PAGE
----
Two years ago on June 29, 2009, in the middle of the night, Honduras’s democratically elected President Manuel Zelaya was kidnapped at gunpoint in a military coup d’état and sent to neighboring Costa Rica. Before his ousting, Zelaya planned to follow through on a public referendum to reform the Constitution by extending the maximum term for presidents, even though the Supreme Court had ruled it illegal. Even though many critics questioned Zelaya’s push forward with the referendum, most agree that a coup was a disproportionate response and likely related to the branding of Zelaya’s government as left-leaning.
Tag Archives: Power
Text with Texture is a weekly blog series (featured on Tuesdays) that explores the rich and textured material found in On1Foot in connection with what’s happening in our world today.
Working at a non-profit, I think a lot about generosity—with money and with time. Here at AJWS, we depend on our supporters to give us some of their hard earned income so that we can use it to support human rights activists in the developing world. We also depend on staff and volunteers for their time. But I recently came across a medieval text that challenges the notion that money and time are the defining structures through which generosity is expressed.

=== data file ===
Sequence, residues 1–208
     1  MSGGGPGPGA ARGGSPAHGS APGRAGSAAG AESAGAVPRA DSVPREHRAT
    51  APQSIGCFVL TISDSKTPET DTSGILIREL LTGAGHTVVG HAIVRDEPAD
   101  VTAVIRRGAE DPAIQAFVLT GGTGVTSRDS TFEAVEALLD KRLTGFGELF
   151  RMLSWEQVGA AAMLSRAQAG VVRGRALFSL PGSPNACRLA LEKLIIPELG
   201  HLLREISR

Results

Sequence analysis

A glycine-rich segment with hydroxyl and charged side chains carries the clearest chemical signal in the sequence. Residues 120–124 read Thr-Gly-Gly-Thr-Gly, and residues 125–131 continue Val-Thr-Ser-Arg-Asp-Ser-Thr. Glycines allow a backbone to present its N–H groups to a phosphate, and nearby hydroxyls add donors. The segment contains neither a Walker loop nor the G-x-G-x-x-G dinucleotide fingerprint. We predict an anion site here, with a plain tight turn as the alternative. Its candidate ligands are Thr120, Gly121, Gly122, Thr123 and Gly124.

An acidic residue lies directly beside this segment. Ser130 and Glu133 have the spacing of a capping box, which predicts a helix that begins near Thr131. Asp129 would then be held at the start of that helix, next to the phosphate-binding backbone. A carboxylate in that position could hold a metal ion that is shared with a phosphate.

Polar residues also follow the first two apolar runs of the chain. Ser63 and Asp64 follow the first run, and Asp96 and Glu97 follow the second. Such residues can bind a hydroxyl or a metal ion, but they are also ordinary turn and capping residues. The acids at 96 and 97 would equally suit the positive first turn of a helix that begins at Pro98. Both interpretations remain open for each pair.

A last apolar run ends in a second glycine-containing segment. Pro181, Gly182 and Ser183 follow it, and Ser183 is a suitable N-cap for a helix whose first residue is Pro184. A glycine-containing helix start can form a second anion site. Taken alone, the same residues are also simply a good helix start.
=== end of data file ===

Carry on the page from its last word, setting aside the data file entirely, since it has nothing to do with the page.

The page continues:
Rav Avraham tells us that it’s not enough to be generous with our money. We must also be generous with our power. We must use our influence; call in our favors for the weak and the needy. We must throw our social weight on the side of the downtrodden.
I wonder: What would it look like to truly stare down the amount of power that I have as an American, a voter, a Jew, a teacher, and commit to being generous with that agency? How could I throw that power into advocacy work or community organizing to help those in need? And what would the world look like if we all began to think of our power as something we were obligated to give of generously?